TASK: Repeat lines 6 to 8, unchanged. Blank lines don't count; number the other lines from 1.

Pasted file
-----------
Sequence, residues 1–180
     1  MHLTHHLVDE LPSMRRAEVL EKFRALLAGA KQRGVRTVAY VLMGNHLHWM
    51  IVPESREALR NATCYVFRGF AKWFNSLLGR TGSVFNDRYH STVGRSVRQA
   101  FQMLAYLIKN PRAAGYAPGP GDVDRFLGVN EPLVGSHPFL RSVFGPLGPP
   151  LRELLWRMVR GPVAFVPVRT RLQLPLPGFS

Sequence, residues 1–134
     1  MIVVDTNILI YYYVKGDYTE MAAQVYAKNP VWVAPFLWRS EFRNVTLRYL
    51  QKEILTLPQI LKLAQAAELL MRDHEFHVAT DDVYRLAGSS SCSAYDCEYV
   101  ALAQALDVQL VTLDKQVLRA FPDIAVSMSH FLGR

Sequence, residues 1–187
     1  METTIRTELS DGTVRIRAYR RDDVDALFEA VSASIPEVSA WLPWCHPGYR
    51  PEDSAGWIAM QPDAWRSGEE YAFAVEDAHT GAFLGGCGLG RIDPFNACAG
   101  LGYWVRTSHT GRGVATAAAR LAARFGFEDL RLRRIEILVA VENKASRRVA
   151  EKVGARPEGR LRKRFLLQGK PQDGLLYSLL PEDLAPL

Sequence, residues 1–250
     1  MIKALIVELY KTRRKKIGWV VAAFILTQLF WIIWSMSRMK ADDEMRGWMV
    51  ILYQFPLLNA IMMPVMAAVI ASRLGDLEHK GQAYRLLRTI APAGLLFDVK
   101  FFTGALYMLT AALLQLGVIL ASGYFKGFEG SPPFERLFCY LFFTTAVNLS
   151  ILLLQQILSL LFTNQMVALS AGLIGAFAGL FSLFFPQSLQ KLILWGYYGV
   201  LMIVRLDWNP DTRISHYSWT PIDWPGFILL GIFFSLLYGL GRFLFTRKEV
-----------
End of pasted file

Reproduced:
Sequence, residues 1–134
     1  MIVVDTNILI YYYVKGDYTE MAAQVYAKNP VWVAPFLWRS EFRNVTLRYL
    51  QKEILTLPQI LKLAQAAELL MRDHEFHVAT DDVYRLAGSS SCSAYDCEYV